A flat lens creates the perfect image.



    Physicists from the Harvard School of Engineering and Applied Sciences (SEAS) created a flat lens with a diameter of 1 mm and a thickness of 60 nm, which refracts light waves in the same way as a normal bulk lens, but without optical distortion.

    To understand the principle of the new lens, you need to remember the school course of optics. A conventional lens changes the direction of light waves due to the phase delay effect at the interface of two media with different densities. Since the speed of light has a different value, this is where the phase delay arises.


    Animation of Oleg Alexandrov

    All traditional optics are built on such an effect, but not a new lens of Harvard physicists. Instead of using materials of different densities and with a special shape, they generate a phase delay using a precisely calculated grid of nanoantennas on a flat surface - the so-called metamaterial.



    The millimeter-size lens itself is made of silicon. With a thickness of 60 nanometers, the plate remains transparent. The surface is covered with a nanometer layer of gold, from which particles of the desired shape are etched and arranged in concentric circles. An antenna of each shape reacts with electromagnetic radiation at different lengths and creates a phase delay directly on the surface of the lens. The right side of the illustration shows the phase delay for each section. Thus, light does not need to pass through the thickness of an ordinary lens - and therefore many characteristic optical distortions disappear.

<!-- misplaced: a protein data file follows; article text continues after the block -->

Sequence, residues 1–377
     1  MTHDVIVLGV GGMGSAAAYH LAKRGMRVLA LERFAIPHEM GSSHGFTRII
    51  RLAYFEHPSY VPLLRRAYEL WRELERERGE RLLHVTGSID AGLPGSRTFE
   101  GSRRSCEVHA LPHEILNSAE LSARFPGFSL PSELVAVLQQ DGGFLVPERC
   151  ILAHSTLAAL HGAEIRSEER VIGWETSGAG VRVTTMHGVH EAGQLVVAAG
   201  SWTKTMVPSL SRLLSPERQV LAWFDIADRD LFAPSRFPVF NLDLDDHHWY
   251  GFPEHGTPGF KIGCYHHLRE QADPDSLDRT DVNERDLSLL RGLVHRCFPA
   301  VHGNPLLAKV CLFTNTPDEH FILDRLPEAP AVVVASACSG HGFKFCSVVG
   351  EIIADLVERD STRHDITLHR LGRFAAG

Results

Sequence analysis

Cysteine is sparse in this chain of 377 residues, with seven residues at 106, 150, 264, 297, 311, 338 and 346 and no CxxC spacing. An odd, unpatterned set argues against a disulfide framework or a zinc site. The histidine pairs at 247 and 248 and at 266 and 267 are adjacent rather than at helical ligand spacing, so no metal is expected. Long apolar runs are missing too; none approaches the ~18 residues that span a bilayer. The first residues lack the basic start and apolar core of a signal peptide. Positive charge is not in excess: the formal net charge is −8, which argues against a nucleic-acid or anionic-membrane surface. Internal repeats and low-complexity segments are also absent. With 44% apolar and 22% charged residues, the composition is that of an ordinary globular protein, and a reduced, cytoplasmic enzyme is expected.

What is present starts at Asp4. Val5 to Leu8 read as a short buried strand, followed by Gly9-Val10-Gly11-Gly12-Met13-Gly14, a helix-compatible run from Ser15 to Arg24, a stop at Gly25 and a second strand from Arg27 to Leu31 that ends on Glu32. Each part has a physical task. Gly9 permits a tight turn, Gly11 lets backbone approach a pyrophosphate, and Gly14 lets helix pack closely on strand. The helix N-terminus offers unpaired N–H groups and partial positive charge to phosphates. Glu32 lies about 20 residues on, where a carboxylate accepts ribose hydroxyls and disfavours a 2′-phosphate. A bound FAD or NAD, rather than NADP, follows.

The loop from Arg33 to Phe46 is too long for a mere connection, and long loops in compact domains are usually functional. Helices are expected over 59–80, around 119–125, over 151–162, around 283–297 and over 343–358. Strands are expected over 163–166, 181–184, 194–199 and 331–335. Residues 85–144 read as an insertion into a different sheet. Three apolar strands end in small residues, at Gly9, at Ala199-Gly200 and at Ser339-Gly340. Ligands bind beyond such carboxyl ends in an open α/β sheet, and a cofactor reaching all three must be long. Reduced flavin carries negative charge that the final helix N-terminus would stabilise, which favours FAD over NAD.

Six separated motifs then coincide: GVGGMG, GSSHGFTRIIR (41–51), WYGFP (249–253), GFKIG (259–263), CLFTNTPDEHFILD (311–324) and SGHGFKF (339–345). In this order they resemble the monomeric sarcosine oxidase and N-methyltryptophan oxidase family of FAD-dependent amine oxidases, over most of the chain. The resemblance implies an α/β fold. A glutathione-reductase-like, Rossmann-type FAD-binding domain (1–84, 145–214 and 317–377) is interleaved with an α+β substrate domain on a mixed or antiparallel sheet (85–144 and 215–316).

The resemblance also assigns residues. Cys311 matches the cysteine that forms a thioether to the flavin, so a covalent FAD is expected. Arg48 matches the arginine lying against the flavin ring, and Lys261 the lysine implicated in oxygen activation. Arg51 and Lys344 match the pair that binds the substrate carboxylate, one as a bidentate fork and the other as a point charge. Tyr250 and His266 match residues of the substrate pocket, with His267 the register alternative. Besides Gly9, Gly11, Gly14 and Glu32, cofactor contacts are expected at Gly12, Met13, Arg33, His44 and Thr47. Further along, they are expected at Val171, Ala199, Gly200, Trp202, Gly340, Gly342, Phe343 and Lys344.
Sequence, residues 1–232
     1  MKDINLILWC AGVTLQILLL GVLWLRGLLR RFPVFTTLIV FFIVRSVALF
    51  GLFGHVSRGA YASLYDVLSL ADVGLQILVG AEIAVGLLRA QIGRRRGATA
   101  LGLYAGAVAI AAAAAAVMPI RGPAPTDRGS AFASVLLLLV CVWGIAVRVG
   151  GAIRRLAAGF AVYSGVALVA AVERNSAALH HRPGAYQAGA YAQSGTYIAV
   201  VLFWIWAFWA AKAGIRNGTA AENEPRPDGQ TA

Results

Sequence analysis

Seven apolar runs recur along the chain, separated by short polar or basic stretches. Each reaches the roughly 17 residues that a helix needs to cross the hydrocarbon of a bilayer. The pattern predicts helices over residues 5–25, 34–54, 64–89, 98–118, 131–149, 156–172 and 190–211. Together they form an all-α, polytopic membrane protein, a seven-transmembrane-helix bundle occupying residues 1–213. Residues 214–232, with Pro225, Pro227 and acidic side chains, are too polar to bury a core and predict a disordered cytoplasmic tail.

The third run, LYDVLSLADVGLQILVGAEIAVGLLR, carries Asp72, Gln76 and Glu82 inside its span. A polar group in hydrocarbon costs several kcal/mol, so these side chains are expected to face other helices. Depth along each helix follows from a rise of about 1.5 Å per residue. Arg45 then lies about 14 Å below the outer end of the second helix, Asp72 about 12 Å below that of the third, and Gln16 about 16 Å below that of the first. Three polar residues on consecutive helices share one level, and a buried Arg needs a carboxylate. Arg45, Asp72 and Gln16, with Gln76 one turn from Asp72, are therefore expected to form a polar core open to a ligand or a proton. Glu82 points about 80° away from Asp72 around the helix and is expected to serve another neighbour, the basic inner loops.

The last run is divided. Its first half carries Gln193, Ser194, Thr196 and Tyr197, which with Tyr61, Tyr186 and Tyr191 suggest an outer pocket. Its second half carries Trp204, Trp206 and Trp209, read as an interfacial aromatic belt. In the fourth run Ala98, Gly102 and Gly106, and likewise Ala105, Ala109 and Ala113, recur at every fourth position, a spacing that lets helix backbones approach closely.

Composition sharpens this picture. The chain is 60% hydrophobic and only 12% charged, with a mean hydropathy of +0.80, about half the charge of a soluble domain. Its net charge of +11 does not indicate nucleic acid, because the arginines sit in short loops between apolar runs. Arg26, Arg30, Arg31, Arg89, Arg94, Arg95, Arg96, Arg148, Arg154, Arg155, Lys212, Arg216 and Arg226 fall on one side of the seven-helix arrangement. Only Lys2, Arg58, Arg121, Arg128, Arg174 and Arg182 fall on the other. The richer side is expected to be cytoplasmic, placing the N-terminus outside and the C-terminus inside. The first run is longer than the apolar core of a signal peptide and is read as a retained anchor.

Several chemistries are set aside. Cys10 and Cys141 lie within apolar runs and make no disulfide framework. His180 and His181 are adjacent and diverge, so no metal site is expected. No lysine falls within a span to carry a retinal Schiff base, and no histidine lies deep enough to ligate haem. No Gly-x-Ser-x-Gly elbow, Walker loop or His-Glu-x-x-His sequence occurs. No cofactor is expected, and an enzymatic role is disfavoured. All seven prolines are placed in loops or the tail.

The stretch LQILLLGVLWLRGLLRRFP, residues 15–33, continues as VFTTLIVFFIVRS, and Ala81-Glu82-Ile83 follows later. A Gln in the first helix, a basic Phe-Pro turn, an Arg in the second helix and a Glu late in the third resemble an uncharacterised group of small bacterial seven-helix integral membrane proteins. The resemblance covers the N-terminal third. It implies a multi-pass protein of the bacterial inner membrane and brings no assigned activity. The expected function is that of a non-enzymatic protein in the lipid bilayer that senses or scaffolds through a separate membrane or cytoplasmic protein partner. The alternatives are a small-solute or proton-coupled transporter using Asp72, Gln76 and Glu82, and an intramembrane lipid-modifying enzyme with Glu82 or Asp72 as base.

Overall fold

According to a press release, it is possible to make such lenses for the "wide range: from infrared to terahertz", that is, from 1000 nm to 1 mm, if the size, angle and distance between the antennas are appropriately selected. It is assumed that in the first place the lens will find application in fiber optic routers.

    Note that the visible range of 740-380 nm does not fall into the aforementioned plug; it requires slightly smaller nanoantennas. But not far off is the time when a commercially available metamaterial of nanometer thickness will be created for visible light. The first prototypes of such metamaterial appeared several years ago. This is a completely revolutionary technology that can completely transform the optical industry.

    Scientists have published the results of their work in Nano Letters Magazine.

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